Directors of the Americas sections of Amnesty International on Oct. 30 sent an open letter to Paraguay's senators demanding immediate restitution of usurped lands to the Enxet indigenous community of Sawhoyamaxa in the Gran Chaco region, charging that a 2006 ruling of the Inter-American Court of Human Rights (CIDH) in favor of the community is going unenforced. In August, the government issued a decree calling for purchase of 14,000 hectares of usurped Sawhoyamaxa lands from a local rancher and their return to the community, but the rancher has refused to negotiate. Enxet communities began legal action for return of their lands in 1991, after which they were evicted from the usurped lands, where many had been employed as ranch hands. The Sawhoyamaxa community was forced to relocate to unused lands on the side of a highway, where they have since been living in poverty, with no access to basic services. The CIDH decision alo called for the restitution of Enxet communities Yakye Axa and Xámok Kásek—cases which likewise remain outstanding. (ABC Color, Nov. 8; Ultima Hora, Oct. 30; AI, Sept. 29, 2011)
Colombia's government and the FARC rebels signed a landmark agreement on Nov. 6 that is supposed to guarantee the guerrilla group's political participation. The accord is the second of six foreseen pacts to end nearly 50 years of civil war in Colombia. "We have come to a fundamental agreement about the second point of the agenda," FARC and government negotiators said in a joint statement read by the Norwegian delegate, one of the mediators at the peace talks in Havana. The pact, which comes just two weeks before the one-year anniversary of the opening of the talks, outlines "guarantees for the exercise of the political opposition in general and in particular for the new movements that arise after the signing of the Final Agreement." Details are not be made public until a final deal has been signed.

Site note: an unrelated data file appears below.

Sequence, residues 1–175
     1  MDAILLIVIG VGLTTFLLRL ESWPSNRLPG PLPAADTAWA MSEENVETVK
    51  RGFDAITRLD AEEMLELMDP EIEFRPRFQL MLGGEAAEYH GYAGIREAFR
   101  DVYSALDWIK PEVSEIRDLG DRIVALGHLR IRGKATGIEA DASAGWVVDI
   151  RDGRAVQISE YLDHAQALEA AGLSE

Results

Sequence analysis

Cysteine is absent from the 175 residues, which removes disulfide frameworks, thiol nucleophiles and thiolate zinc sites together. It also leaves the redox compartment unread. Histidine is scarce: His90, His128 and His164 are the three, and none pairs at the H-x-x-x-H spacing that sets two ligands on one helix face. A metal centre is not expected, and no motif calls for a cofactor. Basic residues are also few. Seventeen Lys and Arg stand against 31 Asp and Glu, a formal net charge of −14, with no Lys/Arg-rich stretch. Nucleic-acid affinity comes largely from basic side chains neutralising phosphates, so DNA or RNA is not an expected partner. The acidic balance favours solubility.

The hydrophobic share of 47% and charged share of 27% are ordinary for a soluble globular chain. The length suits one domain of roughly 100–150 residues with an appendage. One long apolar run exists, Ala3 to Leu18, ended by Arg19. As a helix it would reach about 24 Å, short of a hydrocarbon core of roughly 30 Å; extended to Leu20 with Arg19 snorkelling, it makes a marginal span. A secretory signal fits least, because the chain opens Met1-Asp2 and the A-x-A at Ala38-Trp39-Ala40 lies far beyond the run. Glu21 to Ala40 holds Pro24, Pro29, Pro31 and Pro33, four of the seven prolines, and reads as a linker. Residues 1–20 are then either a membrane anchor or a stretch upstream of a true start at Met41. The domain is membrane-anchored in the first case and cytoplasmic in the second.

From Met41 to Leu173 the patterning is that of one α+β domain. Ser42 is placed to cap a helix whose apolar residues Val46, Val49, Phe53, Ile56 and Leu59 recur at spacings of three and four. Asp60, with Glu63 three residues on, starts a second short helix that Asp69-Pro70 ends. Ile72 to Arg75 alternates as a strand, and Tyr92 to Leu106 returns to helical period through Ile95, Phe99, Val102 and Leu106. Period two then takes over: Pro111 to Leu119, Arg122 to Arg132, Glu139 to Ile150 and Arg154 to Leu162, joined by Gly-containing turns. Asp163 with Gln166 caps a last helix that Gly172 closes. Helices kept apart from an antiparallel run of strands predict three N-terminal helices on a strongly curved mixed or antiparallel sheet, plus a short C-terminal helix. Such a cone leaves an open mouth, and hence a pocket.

Cesar García, a campesino leader who opposed the mining operations of AngloGold Ashanti at La Colosa in the central Colombian department of Tolima, was assassinated Nov. 2 by an unknown gunman as he worked his small farm at the vereda (hamlet) of Cajón la Leona. Supporters said he had been targeted for his work with the Environmental Campesino Committee of Cajamarca, the local municipality. In a statement, the Network of Tolima Environmental and Campesino Committees said the Cajamarca group had been "stigmatized as enemies of progress in the region," and falsely linked to the guerilla movement. The statement noted a growing climate of fear in the area.
Peru's government has issued an "ultimatum" to small-scale artisanal miners in southern Puno region, saying that if they do not remove their dredges and other equipment from the watersheds of the Ramis and Suches rivers (which both flow into Lake Titicaca), they will be dynamited. The warning was made by Daniel Urresti, high commissioner for Formalization and Interdiction of Mining. "We would be grateful if these people abandon the area and take their machinery with them, because when we arrive we are going to conficate it, and those which weigh 20 or 30 tons and are impossible to confiscate, we will detonate," he told RPP radio. He said the operation is set to begin in December. (Terra, Nov. 6)